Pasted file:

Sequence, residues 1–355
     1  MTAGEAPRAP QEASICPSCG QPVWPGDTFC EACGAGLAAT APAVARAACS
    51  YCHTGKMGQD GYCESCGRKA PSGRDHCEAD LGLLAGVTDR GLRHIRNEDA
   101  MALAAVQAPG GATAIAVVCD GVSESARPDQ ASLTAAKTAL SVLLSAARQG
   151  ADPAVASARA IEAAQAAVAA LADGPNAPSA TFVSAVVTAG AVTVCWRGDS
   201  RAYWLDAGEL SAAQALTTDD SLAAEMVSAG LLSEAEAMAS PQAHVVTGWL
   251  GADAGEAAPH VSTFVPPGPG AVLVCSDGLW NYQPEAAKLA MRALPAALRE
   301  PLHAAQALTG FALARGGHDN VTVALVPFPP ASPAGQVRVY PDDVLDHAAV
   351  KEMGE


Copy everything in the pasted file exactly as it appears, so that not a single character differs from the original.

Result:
Sequence, residues 1–355
     1  MTAGEAPRAP QEASICPSCG QPVWPGDTFC EACGAGLAAT APAVARAACS
    51  YCHTGKMGQD GYCESCGRKA PSGRDHCEAD LGLLAGVTDR GLRHIRNEDA
   101  MALAAVQAPG GATAIAVVCD GVSESARPDQ ASLTAAKTAL SVLLSAARQG
   151  ADPAVASARA IEAAQAAVAA LADGPNAPSA TFVSAVVTAG AVTVCWRGDS
   201  RAYWLDAGEL SAAQALTTDD SLAAEMVSAG LLSEAEAMAS PQAHVVTGWL
   251  GADAGEAAPH VSTFVPPGPG AVLVCSDGLW NYQPEAAKLA MRALPAALRE
   301  PLHAAQALTG FALARGGHDN VTVALVPFPP ASPAGQVRVY PDDVLDHAAV
   351  KEMGE